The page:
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Books Similar to Lessons in Chemistry

Books Similar to Lessons in Chemistry

Lessons in Chemistry by Bonnie Garmus has been a big hit. This 2022 debut, following chemist Elizabeth Zott in the 1960s as she finds herself hosting a TV cooking show, has sold more than six million copies worldwide and has been translated into 42 languages. Praised for its wry, infectious humor and feminist voice, the novel is the recipient of a Goodreads Choice Award, was voted a BookBrowse Best Book of the Year by our subscribers and remains a popular book club pick beloved by readers. It's even been adapted into a TV series starring Brie Larson. But if you've already read it and loved it, where do you go from here? What are some books like Lessons in Chemistry, with a similar atmosphere or story? Below, we share our read-alikes for Garmus's novel, which we think would be perfect for you if you're a fan. We hope you enjoy them!

You can also check out other BookBrowse read-alikes (picked by our team, never by algorithm) available for more than 4,500 contemporary books and 3,500 authors. Head over now to easily find relevant recommendations based on the last great book you devoured, or a favorite writer.

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BookBrowse's Read-Alikes and Nancy Pearl's Rule of Four

"When we want a book exactly like the one we just finished reading, what we really want is to recreate that pleasurable experience--the headlong rush to the last page, the falling into a character's life, the deeper understanding we've gotten of a place or a time, or the feeling of reading words that are put together in a way that causes us to look at the world differently. We need to start thinking about what it is about a book that draws us in, rather than what the book is about."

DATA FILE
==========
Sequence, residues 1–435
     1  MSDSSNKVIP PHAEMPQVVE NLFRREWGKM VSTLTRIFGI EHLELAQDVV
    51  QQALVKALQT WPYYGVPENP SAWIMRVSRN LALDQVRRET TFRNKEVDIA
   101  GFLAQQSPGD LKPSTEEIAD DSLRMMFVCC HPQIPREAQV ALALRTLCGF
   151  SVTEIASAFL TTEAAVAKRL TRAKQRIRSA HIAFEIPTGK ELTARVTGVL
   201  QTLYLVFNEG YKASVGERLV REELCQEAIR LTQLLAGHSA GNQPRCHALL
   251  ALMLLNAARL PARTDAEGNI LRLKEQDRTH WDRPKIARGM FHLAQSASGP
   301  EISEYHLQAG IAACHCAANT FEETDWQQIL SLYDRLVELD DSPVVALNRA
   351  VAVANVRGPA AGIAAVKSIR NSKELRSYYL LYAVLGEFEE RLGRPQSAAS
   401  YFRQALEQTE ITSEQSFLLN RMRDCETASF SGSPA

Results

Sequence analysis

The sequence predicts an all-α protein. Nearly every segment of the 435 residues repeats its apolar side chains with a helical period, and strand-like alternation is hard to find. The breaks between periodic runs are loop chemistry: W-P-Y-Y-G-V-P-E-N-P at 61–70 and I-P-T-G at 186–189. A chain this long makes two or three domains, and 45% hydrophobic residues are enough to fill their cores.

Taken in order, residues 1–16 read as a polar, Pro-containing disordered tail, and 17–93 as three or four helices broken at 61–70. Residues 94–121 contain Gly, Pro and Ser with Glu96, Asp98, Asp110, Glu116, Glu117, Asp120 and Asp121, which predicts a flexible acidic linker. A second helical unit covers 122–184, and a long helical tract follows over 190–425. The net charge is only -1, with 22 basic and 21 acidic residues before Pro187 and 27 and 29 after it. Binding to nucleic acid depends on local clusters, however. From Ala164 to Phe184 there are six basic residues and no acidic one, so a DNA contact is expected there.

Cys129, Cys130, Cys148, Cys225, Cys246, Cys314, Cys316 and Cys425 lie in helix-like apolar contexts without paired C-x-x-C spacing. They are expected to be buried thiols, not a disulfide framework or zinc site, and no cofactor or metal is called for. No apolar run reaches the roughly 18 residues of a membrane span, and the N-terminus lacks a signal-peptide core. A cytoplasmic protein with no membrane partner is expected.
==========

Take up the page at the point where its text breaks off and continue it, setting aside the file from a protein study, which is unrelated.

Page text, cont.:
Nancy Pearl, on The Four Doors to Reading

Readers often ask us how BookBrowse's Read-Alikes are selected. Companies like Netflix, Amazon, and GoodReads use complex algorithms to generate recommendations, so I think lots of readers assume we do, too. Our method is a lot less high-tech (actually, no-tech), and far more personal: we pick them by hand. But what criteria do we use to select them? When we read about librarian Nancy Pearl's Four Doors to Reading (also known as the Rule of Four), we realized she was pretty much describing how we think about our Read-Alikes. Pearl asserts that "all works of fiction and narrative nonfiction are broadly made up of four experiential elements: story, character, setting, and language." She refers to these elements as doorways, some of them larger or smaller depending on the dominant element of each book:

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A Short Walk Through a Wide World